And studies have shown that controlling weight and getting exercise helps reduce the possibility of getting PC.
 
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bella5penny replied to billh99's response:
You are very learned and I appreciate that, as I am sure a lot on this board do. The bump on the prostate...he has called it a divot. On a side note, your knowledge engages me to ask why my uro does not share this kind of info with me. Is that a lot to ask? I guess I was so shook up that I let it go.

The test that would detect one cancer cell...does it have a name? Also, Dr. Oz (yes, him) says we all have cancel cells in our bodies. Do you buy that?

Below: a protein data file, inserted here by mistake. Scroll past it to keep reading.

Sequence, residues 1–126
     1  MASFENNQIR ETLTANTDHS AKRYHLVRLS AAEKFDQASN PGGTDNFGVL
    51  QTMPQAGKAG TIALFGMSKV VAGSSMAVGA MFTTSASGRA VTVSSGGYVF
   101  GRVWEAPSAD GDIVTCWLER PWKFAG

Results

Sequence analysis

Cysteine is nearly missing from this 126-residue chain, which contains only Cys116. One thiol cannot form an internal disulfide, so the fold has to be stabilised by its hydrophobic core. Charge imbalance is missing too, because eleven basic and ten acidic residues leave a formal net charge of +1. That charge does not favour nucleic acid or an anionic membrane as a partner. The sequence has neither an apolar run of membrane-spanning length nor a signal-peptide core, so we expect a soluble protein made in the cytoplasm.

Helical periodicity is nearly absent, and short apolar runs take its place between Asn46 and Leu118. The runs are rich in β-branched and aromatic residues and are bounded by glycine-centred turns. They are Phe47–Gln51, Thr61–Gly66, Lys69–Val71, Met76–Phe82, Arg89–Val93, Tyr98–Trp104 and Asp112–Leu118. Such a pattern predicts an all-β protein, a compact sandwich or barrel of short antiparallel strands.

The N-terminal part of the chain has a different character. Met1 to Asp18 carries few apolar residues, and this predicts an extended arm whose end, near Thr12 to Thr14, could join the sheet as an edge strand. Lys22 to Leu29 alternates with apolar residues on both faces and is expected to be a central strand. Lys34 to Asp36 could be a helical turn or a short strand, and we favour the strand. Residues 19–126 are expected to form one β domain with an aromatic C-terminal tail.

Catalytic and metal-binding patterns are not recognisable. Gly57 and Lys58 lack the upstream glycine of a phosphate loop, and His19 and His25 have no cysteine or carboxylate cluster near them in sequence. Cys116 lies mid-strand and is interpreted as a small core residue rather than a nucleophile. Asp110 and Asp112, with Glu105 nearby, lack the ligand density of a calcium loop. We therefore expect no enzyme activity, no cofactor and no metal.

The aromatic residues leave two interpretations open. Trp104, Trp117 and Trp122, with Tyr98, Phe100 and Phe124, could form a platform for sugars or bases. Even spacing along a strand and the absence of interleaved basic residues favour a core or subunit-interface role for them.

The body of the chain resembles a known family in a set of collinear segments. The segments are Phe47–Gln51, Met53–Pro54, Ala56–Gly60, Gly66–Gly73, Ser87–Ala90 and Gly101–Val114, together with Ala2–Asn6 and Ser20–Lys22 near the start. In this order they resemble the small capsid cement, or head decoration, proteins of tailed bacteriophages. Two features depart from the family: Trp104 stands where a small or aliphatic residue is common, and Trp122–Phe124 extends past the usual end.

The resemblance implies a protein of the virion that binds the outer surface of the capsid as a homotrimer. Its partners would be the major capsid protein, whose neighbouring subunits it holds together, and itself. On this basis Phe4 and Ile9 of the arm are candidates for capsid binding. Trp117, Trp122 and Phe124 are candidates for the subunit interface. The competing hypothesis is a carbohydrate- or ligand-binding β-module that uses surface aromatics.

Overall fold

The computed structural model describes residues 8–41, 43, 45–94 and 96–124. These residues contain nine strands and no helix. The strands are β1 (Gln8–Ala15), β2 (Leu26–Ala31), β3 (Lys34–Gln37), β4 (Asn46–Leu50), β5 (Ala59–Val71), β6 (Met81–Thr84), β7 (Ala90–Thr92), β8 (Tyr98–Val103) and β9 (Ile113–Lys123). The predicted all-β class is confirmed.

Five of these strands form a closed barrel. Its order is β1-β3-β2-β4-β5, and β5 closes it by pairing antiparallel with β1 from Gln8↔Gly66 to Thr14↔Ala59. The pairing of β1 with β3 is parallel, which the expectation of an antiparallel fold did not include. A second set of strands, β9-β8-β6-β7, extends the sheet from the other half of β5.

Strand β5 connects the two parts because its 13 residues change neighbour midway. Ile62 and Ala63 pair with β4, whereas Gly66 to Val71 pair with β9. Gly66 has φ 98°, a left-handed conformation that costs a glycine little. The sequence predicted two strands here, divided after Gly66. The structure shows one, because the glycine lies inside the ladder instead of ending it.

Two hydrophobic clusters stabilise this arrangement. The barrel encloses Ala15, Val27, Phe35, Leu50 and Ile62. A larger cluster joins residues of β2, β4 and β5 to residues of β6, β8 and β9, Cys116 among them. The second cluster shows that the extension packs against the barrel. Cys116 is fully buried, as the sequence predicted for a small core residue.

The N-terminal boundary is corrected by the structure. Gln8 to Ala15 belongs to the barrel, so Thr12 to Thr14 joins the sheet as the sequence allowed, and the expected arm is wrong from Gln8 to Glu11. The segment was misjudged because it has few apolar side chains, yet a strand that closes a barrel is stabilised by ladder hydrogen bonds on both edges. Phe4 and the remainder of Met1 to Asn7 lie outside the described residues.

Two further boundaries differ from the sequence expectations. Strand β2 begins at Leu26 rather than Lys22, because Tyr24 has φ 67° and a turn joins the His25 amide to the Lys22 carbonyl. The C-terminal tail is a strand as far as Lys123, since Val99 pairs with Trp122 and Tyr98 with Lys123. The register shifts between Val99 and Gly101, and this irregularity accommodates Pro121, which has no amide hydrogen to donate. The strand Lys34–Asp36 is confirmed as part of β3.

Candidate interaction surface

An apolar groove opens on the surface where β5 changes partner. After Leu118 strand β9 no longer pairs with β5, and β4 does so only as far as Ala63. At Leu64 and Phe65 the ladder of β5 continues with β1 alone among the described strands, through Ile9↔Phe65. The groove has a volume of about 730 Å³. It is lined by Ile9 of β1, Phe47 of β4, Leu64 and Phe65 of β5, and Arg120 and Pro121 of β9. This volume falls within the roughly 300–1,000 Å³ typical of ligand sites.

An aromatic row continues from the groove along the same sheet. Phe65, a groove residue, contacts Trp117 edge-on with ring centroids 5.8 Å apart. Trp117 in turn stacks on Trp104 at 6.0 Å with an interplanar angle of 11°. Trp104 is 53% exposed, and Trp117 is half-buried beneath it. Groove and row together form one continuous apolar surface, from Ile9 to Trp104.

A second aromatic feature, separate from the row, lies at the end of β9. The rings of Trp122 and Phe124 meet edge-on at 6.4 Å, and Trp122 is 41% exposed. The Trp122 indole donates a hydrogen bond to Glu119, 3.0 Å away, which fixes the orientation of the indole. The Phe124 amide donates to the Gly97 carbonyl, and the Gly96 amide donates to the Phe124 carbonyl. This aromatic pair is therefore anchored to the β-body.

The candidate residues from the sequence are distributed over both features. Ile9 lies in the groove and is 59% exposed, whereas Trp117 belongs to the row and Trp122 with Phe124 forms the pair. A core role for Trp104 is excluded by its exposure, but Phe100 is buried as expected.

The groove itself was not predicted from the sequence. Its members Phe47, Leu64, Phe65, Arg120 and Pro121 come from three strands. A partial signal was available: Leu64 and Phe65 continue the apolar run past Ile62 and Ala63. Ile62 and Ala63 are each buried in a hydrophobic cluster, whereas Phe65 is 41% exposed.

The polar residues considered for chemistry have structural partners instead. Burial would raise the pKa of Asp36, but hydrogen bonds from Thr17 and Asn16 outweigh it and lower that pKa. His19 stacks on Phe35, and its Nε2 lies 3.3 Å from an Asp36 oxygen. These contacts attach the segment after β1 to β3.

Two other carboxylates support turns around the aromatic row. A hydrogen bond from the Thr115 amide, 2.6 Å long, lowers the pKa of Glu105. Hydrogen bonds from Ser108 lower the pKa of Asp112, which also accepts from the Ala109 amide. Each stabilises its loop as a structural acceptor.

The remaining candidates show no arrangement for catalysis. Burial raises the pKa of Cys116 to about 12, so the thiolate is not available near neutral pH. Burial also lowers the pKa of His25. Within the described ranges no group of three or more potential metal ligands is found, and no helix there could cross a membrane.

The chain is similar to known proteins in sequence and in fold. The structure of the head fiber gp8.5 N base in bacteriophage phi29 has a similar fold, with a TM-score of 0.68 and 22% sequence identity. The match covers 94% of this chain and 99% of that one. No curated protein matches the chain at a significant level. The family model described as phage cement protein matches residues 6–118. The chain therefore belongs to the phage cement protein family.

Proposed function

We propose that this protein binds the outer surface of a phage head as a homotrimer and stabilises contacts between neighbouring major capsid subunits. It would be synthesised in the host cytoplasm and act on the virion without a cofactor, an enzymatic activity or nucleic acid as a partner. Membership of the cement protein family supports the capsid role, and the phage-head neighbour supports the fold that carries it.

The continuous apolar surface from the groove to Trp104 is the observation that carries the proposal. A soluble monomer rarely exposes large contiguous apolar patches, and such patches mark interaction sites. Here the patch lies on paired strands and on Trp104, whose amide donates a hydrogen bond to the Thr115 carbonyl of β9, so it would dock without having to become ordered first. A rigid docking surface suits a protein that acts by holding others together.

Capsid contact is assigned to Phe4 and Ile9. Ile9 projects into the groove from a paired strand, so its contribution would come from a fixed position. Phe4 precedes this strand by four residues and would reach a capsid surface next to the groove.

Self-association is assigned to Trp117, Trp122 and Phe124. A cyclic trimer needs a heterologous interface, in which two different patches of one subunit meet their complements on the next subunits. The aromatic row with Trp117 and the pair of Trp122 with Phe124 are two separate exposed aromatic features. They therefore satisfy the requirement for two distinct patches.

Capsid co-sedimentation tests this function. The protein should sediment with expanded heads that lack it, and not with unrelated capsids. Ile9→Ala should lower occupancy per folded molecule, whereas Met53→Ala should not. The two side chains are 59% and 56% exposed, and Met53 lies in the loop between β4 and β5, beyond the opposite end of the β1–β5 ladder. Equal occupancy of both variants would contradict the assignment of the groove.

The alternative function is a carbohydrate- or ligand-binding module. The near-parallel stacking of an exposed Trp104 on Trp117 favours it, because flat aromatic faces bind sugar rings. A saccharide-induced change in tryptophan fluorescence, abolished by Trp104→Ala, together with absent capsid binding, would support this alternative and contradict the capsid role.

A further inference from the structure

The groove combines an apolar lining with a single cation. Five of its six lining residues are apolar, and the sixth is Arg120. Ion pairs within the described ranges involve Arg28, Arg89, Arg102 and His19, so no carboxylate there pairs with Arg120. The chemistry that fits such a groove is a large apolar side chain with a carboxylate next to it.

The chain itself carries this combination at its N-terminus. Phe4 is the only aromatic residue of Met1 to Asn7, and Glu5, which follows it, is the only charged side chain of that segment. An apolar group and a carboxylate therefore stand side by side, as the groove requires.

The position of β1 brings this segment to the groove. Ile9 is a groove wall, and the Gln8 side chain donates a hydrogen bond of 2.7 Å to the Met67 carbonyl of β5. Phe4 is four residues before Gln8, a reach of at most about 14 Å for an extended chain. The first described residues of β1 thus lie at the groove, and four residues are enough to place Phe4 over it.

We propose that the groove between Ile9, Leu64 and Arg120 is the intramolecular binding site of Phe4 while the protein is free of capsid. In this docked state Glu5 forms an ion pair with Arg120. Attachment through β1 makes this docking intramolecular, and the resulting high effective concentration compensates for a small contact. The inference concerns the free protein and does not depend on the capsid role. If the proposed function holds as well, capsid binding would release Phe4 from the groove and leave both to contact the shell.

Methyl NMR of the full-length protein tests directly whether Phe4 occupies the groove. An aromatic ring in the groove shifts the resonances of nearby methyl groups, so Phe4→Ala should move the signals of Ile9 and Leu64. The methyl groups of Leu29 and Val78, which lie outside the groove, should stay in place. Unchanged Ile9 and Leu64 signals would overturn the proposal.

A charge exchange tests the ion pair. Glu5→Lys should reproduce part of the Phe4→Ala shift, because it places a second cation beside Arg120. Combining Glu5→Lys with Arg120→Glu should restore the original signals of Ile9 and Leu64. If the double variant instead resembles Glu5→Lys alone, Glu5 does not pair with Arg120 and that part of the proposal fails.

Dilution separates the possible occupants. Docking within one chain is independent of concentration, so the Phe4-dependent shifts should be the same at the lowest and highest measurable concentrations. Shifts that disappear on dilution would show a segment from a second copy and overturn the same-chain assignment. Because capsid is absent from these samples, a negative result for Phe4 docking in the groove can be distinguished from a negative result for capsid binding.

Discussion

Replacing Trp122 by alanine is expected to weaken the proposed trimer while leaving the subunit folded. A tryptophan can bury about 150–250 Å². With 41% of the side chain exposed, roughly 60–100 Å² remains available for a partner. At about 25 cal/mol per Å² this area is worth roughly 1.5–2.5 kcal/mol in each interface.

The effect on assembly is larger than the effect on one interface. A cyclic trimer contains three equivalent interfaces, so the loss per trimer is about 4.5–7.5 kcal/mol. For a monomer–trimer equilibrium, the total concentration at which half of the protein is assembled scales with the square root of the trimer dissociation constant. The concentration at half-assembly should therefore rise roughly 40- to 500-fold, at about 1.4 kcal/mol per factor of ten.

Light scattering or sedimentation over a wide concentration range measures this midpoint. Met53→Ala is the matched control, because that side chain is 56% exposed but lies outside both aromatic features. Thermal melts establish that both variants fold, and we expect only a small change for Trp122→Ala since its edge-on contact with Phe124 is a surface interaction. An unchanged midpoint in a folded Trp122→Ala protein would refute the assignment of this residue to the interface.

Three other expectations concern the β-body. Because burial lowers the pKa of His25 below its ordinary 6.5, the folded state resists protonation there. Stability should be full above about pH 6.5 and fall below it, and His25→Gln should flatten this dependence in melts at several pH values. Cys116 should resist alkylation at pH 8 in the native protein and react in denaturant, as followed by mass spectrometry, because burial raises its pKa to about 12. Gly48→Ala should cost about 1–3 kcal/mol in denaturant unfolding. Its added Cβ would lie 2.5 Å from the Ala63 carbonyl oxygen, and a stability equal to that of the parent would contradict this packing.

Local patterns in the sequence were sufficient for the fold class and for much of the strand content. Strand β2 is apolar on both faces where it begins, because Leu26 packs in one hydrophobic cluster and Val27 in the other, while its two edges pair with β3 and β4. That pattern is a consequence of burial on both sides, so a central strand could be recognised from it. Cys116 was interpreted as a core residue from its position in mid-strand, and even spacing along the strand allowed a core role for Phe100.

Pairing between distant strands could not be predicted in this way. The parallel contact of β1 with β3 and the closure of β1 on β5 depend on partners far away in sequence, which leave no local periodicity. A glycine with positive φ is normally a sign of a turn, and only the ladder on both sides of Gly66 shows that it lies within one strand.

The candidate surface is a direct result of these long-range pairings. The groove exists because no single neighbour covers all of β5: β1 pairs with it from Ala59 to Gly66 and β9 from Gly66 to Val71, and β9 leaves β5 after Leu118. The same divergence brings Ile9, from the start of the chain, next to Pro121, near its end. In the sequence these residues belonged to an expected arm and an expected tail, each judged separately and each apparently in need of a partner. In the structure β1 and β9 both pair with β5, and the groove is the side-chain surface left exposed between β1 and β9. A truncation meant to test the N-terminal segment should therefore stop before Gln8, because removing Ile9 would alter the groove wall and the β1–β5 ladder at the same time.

Lastly, on the diet thing, what does "limited" amount of processed meats means? And what are processed foods? Like a slice of Kraft cheese? Or Kraft Mac and Cheese? I am not bid on fruits and veggies but I am trying as of late.

What about you? Are you a survivor? An MD? How do you know so much and with authority?
 
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billh99 replied to bella5penny's response:
I have an engineering background. So by nature I am detailed orientated. So I can read much of the scientific literature and mostly follow general concepts, although I don't know the anatomy and completely worthless when it comes to bio chemistry and the like.

And I am a bit compulsive.

So when I have a condition I research it.

Yes, I had prostrate cancer and had it removed a year ago.